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The Ultimate Painkiller



One is absolutely sickened, not by the crimes that the wicked have committed, but by the punishments that the good have inflicted; and a community is infinitely more brutalized by the habitual employment of punishment than it is by the occasional occurrence of crime.

-Oscar Wilde


Alva Campbell was scheduled for execution by the state of Ohio on November 15, 2017, for murder. Prison officials spent over an hour searching for veins to inject lethal drugs into his arms and legs to no avail and changed his death date to June 5, 2019. Romell Broom was scheduled for execution on September 15, 2009, by the state of Ohio for rape, murder and abduction. Prison officials spent over two hours searching for veins in his arms, hands and feet. Broom even offered to do physical activity to make his veins more visible. After the state’s failed execution attempt, Broom was left in pain from eighteen attempted IV line punctures. His legal team appealed calling it cruel and unusual punishment but lost, and Broom was issued a new sentence for execution on June 17, 2020. David Earl Miller was scheduled for execution by the state of Tennessee on December 7, 2018, for murder. He filed a lawsuit in which he asked to be killed by a firing squad, and lost. He then asked to be killed by lethal injection over the electric chair and lost. In the electric chair, Miller, who had served thirty-six years on death row-the longest in the state- offered his final thoughts on his looming death to surrounding security officials: “Beats being on death row.”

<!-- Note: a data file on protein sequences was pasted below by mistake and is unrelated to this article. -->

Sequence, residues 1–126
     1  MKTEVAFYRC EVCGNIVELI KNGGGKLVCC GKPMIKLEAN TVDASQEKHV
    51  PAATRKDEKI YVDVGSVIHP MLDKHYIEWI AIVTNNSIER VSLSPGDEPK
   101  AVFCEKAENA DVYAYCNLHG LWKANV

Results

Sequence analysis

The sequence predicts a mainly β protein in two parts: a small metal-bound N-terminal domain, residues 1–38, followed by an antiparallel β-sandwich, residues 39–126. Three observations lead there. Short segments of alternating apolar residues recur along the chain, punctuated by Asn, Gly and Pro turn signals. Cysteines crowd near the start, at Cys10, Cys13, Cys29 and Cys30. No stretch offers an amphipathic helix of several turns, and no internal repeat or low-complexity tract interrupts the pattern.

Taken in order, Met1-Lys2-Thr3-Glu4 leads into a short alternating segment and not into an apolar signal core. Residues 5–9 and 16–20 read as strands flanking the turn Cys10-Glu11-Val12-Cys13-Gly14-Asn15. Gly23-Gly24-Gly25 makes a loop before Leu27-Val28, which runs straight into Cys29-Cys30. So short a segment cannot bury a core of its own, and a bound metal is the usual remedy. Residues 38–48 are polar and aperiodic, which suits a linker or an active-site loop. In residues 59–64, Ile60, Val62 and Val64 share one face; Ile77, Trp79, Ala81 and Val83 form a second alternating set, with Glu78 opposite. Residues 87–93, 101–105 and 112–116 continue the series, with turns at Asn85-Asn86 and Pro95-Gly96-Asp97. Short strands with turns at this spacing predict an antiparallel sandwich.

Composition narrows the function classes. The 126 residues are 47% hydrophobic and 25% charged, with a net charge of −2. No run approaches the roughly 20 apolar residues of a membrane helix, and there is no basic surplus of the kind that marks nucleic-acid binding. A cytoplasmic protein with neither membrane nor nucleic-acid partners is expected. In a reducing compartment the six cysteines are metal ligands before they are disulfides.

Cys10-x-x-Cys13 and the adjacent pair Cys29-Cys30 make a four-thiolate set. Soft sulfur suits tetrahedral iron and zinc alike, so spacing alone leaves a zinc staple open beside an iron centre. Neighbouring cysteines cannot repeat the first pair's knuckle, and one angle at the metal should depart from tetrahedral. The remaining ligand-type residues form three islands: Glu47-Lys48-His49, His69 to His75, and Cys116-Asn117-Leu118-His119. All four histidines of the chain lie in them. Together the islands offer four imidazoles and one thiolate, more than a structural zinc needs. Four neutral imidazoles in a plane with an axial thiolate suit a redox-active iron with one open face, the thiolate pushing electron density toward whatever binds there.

What would Jacques Derrida have thought about Campbell and Broom’s botched executions or the state’s refusal to grant Miller a quick death? Perhaps he’d think it inhumane. For D